Could Umberto Eco be more different from Harper Lee? Perhaps in a Terry Pratchett novel, but not in real life!
Umberto Eco was not an attention hog, but he was an extremely prolific writer! With a string of novels, non-fiction works, anthologies and children’s books as the fruit of his pen, it is significant to note that he was a semiotician first and then a writer.
Semiotics is the study of meaning-making, the study of sign processes and meaningful communication. This includes the study of signs and sign processes (semiosis), indication, designation, likeness, analogy, metaphor, symbolism, signification, and communication.
To understand what this really means, we suggest that you wait until you are re-incarnated much more intelligent!
Reverse some more. In his work Opera aperta, 1962, translated as “The Open Work” he argues that for a literary text to be most rewarding, it should be capable of being interpreted in various ways. A closed work would be something that has only one possible, correct interpretation. Albeit not literary, 1+1=2 would be an example of a closed work.
Eco, in his own words, “Every text, after all, is a lazy machine asking the reader to do some of its work. What a problem it would be if a text were to say everything the receiver is to understand – it would never end.”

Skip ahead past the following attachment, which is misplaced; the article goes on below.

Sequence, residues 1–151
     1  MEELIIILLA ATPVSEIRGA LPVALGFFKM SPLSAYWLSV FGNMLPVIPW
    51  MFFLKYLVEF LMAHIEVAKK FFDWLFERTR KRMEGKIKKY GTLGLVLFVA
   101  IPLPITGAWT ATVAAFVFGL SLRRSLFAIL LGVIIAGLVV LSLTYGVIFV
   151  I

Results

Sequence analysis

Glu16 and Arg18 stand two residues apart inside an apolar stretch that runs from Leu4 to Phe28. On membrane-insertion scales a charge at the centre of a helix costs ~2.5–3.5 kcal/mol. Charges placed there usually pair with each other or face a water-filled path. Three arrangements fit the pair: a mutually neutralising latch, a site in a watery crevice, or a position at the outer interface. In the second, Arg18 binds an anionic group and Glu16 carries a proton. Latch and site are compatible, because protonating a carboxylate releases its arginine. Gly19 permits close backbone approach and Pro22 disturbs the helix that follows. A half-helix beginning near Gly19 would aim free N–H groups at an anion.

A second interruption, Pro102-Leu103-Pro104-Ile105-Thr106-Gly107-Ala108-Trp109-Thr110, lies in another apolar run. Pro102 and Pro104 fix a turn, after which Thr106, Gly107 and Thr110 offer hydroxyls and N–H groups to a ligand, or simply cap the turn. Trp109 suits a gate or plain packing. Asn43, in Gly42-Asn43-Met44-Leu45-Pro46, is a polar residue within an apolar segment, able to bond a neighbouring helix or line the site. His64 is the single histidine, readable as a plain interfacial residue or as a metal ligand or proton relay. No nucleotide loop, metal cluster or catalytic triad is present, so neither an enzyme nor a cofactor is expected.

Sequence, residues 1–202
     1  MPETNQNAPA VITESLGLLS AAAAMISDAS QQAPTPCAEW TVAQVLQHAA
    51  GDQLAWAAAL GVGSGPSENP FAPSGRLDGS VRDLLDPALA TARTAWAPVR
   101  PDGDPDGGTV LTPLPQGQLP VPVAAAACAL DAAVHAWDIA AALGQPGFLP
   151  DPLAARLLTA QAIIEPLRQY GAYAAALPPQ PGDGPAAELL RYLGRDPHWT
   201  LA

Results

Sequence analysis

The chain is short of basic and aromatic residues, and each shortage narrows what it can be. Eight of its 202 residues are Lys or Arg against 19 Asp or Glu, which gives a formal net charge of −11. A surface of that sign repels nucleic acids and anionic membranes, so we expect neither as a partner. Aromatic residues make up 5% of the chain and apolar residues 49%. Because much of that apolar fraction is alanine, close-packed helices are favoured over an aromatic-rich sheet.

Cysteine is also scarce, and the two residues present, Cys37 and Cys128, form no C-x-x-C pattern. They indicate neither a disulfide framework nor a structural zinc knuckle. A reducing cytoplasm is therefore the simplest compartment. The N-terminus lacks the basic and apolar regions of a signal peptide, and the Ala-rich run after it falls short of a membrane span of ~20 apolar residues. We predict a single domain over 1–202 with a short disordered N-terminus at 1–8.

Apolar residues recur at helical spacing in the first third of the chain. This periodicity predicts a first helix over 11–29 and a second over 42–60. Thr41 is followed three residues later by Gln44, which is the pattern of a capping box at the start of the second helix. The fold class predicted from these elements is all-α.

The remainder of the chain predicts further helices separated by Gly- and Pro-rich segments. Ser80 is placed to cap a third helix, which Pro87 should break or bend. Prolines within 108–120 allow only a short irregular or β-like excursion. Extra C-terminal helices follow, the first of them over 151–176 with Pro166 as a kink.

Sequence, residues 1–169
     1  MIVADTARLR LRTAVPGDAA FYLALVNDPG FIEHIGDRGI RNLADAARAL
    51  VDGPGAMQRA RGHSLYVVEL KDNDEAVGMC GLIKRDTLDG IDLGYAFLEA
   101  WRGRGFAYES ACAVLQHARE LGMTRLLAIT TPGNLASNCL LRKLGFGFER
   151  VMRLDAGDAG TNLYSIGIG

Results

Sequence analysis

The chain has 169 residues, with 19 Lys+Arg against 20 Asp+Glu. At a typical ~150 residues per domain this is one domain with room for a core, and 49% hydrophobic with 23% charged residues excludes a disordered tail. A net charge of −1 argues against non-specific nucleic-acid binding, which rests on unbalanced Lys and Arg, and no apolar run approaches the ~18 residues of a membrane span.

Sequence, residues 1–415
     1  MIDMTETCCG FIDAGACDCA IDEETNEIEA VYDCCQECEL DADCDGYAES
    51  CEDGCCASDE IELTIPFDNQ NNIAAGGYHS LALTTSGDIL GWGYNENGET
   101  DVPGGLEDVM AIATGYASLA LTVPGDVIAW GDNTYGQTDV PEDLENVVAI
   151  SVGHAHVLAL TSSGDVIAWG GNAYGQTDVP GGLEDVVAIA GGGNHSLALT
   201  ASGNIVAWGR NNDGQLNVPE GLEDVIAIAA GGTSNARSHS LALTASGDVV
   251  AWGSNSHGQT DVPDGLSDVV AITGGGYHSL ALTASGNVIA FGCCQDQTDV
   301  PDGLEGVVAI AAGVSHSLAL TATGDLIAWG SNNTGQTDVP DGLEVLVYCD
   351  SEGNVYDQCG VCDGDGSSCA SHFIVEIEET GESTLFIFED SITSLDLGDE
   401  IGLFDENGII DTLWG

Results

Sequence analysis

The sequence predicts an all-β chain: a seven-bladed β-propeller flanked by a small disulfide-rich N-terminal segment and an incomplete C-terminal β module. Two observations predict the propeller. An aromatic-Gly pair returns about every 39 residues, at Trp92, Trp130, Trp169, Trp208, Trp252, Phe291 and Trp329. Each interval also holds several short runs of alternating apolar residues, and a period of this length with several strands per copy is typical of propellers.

As you can see, there is no resonance between Ms. Harper’s insistence that she has only one message and Mr. Eco’s open works.
The Name of the Rose is the book that garnered Eco popular fans. It is groundbreaking because it is “an intellectual mystery combining semiotics in fiction, biblical analysis, medieval studies and literary theory.”
The greatest epitaph, we stumbled across, must be this one, “And the craziest thing about this maddening book: people not only bought it, but read it — and tried to “understand” it.
Eco’s books were not for reading, they were about being understood.
Last week we spoke about Harper Lee. These two gifted writers might have been different in many aspects, but they were both completely unlike a character in Foucault’s Pendulum, “Jacopo Belbo didn’t understand that he had had his moment and that it would have to be enough for him, for all his life. Not recognizing it, he spent the rest of his days seeking something else, until he damned himself. ”
They recognized their moments, and lived their lives, and where able to sigh with satisfaction when their books were closed.